Recent editorials published in Indiana newspapers
Posted September 20
Fort Wayne Journal Gazette. September 16, 2016
Checks and balances.
Some will rob you with a six-gun/Some with a fountain pen.
Folksinger Woody Guthrie had desperadoes and Depression-era bankers in mind when he wrote those words in a song called "Pretty Boy Floyd."
But that second stanza could just as well apply to embezzlers. Even today, it seems routine hold-ups or burglaries command more attention than bigger, stealthier thefts of funds from businesses and organizations by trusted workers. Embezzlers strike small firms, churches and nonprofits as well as large corporations. In these cases, their fellow workers or customers often end up holding the bag.
Two local examples of that have recently been in the news.
Between January 2013 and 2014, more than $18,000 was stolen from the Heritage Elementary Parent Teacher Organization. Genevieve M. Meyer, former treasurer of the PTO, who had pleaded guilty to felony theft, was recently given a three-year suspended sentence to be served on probation. She was ordered to pay back the money.
This week, the board of directors announced that a $60,000 embezzlement that occurred between 2009 and 2012 may mean the end of the 55-year-old Pocahontas Swim Club, Fort Wayne's oldest. The club's former treasurer, Dana LaMaster, pleaded guilty to the theft in 2014 and was sentenced to a year of home detention and two years probation.
LaMaster also was ordered to pay restitution, but Alice Jordan-Miles, the pool board's co-president, told The Journal Gazette's Frank Gray no more than $300 has so far been received.
Another member of the club, Christina McKay, told Gray the club has struggled to pay its bills since the embezzlement and must raise $10,000 by Oct. 1 if it is to continue to sell memberships and plan to reopen next spring.
A crowdfunding site started by swim-club supporters Monday had raised almost $5,000 by Thursday afternoon, and a rummage sale will be Saturday at the swim club at 3020 Ojibway Trail.
Whatever size or type of organization you're involved with, if money is involved, make sure you've taken steps to protect yourself from potentially devastating embezzlements. Nonprofit organizations with largely volunteer staffs and boards are especially vulnerable.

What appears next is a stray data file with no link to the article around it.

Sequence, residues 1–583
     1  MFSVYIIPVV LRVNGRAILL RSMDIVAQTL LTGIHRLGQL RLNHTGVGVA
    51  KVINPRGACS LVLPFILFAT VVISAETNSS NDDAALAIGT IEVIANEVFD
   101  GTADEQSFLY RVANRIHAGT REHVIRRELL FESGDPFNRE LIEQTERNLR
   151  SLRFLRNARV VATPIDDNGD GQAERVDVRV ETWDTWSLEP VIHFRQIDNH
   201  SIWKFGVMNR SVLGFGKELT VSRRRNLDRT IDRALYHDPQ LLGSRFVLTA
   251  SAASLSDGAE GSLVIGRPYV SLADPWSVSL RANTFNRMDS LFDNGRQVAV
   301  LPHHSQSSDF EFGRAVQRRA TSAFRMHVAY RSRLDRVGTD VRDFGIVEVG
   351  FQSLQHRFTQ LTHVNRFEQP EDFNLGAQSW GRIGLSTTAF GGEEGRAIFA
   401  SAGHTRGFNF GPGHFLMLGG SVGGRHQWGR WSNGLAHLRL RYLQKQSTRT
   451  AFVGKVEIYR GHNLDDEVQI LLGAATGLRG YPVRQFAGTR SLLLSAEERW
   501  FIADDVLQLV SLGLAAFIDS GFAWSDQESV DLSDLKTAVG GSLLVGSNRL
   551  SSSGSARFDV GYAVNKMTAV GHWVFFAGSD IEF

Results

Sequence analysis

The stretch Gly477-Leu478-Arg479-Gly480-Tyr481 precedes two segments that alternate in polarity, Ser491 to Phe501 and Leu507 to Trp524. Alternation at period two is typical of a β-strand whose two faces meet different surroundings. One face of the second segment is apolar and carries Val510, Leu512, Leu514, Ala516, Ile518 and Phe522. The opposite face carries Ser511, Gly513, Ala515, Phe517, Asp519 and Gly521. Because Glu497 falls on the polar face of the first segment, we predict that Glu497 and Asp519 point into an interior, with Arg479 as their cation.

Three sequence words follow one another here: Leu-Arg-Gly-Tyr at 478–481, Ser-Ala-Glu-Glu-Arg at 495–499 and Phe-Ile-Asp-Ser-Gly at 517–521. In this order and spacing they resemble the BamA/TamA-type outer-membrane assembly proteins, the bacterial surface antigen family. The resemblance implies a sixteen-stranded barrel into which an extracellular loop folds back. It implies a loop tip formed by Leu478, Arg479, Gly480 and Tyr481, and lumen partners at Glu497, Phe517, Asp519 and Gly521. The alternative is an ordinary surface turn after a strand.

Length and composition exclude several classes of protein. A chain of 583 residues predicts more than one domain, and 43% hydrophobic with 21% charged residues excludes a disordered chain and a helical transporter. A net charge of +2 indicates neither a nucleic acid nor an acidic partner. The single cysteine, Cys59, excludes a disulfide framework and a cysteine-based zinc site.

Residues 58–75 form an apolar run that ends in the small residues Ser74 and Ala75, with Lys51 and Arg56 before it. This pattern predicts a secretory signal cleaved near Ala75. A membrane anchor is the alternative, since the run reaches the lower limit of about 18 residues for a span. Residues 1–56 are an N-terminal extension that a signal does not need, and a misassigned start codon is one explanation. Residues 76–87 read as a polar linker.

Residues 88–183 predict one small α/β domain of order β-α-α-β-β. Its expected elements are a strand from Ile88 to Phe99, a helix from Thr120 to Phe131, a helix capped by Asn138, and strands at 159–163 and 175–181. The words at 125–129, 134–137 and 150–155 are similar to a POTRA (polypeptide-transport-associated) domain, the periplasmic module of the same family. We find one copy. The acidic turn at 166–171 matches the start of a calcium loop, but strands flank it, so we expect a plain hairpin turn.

Experts recommend requiring two signatures for all checks drawn on an organization's account or two approvals for each use of the group's credit card, requiring invoices for all expenditures and arranging for regular outside audits. Writing in Entrepreneur Magazine, Doug and Polly White offered a fundamental piece of advice:
"When you think it can't happen to you, your business is the most susceptible.
"As Ronald Reagan said, 'Trust, but verify.' "
South Bend Tribune. September 16, 2016
Indiana should close unfair tax loophole.
Local elected officials have vowed to continue their fight against big box stores using a loophole in tax laws to dramatically lower their tax bills.
They should. What the box stores are doing now amounts to an unfair fight that will mean millions less in tax revenues for local governments already preparing to take a hit from state-mandated Circuit Breaker property tax reforms.
Last week the Indiana Tax Review Board held that a Kokomo Kohl's store could include property values of nearby vacant store buildings, called "dark sales," when figuring the assessed value that determined their property tax. Howard County had argued that only occupied store values should be factored into the calculations.
South Bend, Mishawaka and St. Joseph County are siding with Howard County, arguing stores that don't pay their fair share of property taxes will force other individuals and small businesses to pay more.
Several commercial properties, including Meijer, Kohl's, Lowe's, Target and CVS stores are appealing their assessments in St. Joseph County, putting more than $17 million in property tax revenue in jeopardy.
The Indiana General Assembly passed a bill this year — and the governor signed it — to stop retailers from using dark stores in reassessments. But the measure only applies to appeals in the future, not the ones that already have been filed.
The permanent solution to this issue needs to come from legislators, who must make the law absolutely clear and fair to all taxpayers. Big box stores shouldn't be allowed to evade large parts of their taxpaying responsibility and leave already cash-strapped communities holding the bag.
Terre Haute Tribune-Star. September 15, 2016
Mission moves, but need remains.
Longtime institution for homeless deserves help
The Wabash Valley should remember two realities regarding the Light House Mission.
First, the nonprofit homeless shelter is relocating and intends to serve the community, just as it has done since 1890, for years to come. Second, the number of people needing those services remains high.